The primary outcome was the proportion of patients who filled a prescription for oral anticoagulation in the first year, which did not differ between the intervention and control groups (9.89% vs 9.80%; adjusted OR 1.01; 95% CI 0.95-1.07). Although there was a small numerical difference favoring the intervention early after the mailing was sent out, it attenuated over time.
There were no between-group differences in clinical outcomes, including stroke, systemic embolism, bleeding, and in-hospital death.
Repetition, Multidisciplinary Approach Needed
Serving as a discussant after Pokorney’s presentation, Christophe Leclercq, MD, PhD (Rennes University Hospital, France), highlighted the aspects of the prior IMPACT-AF trial, noting that the educational intervention involved both patients and their relatives and included brochures, web-based and video materials, encouragement of patient and relative interaction with doctors, and systematic and repeated education of healthcare professionals. Importantly, he said, monitoring and feedback to coordinating centers allowed for additional interventions in nonadherent patients.
“First, I think that we can conclude that one single [mailing] to patients without . . . repetition has no benefit at 1 year follow-up for the use of oral anticoagulants,” Leclercq said, adding that he thinks the material used in IMPACT-AFib was more focused on the risks of oral anticoagulation rather than the benefits.
In addition, he said, “I think that we can conclude that education seems more efficient with a repeated process with a multidisciplinary approach.”
Asked what could be done to improve on the results seen in IMPACT-AFib, Pokorney pointed to the approach used in the IMPACT-AF trial. “There was this monitoring and feedback loop, and I think that that’s really critical to have monitoring and feedback as well as repeated interactions with patients,” he said.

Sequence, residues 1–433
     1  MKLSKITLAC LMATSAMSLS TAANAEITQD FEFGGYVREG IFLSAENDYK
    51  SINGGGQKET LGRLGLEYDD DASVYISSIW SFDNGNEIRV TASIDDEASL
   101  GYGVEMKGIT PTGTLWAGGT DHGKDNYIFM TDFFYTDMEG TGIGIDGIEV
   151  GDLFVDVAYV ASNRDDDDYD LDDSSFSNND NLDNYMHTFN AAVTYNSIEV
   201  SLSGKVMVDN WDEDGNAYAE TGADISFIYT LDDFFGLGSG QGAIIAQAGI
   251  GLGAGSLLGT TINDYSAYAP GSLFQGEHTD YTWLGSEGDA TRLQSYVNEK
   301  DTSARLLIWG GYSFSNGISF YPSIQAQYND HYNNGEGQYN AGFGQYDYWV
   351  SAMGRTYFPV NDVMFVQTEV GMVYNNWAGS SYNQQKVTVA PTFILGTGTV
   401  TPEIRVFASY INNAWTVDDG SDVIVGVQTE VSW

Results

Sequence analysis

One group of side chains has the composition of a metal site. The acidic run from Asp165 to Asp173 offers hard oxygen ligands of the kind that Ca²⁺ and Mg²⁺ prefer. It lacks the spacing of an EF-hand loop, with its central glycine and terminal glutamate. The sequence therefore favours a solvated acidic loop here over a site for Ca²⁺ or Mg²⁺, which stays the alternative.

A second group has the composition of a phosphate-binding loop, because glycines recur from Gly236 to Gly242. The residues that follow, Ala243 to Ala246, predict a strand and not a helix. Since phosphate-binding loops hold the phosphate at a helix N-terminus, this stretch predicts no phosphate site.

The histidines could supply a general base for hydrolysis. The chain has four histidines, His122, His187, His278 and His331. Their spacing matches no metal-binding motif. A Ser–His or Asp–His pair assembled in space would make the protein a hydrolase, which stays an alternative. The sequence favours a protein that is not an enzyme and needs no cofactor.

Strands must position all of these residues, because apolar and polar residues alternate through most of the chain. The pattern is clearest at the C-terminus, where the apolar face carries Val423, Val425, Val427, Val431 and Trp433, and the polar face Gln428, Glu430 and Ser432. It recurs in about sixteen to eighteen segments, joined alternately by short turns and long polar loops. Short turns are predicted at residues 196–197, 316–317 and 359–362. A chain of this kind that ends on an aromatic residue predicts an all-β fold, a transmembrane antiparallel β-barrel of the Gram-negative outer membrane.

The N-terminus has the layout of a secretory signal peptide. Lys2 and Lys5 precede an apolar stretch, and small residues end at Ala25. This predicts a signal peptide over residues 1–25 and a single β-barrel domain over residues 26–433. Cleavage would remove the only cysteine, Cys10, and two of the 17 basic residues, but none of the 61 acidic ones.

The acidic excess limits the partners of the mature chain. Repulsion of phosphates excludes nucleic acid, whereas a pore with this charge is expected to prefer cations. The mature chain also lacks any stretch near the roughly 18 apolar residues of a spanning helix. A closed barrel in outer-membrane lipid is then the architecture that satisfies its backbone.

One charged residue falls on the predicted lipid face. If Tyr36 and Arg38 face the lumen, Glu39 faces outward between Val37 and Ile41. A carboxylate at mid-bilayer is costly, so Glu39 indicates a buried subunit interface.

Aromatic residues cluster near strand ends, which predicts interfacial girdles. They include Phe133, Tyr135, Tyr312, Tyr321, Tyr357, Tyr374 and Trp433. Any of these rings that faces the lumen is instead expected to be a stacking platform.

More-modern interventions and contact with patients may be ways to raise the bar and increase the use of anticoagulation and try to meet the guidelines, as well as [to provide] measurement and feedback loops. Sean Pokorney
In addition, sending printed material through the mail may not be the best way to reach patients, he said. The researchers did not have access to email addresses or mobile numbers for patients through the FDA-Catalyst network. “Those types of more-modern interventions and contact with patients may be ways to raise the bar and increase the use of anticoagulation and try to meet the guidelines, as well as [to provide] measurement and feedback loops.”
One of the important lessons from this effort, Pokorney told TCTMD, “is that it’s not easy to effect change, and there’s a reason that medical therapies across medicine—including anticoagulation for A-fib—are underused. This has shown, really, that very-low-intensity interventions are not going to be sufficient and we need to really be more comprehensive, especially including measurement and feedback, as we do implementation work.”
Future trials evaluating more-intensive interventions are still in the planning stages, but a second important take-away from IMPACT-AFib, Pokorney said, is that it is feasible to perform a pragmatic trial, identify and randomize patients, and complete follow-up through the FDA-Catalyst network.
“Doing more pragmatic trials designs really opens up opportunities for us to answer questions more efficiently, more frequently, and definitely with less cost,” he said.
Pokorney SD. IMPACT-AFib: implementation of stroke prevention in atrial fibrillation. Presented at: ESC 2020. September 1, 2020.
- IMPACT-AFib was funded by a grant from the FDA.
- Leclercq reports no relevant conflicts of interest.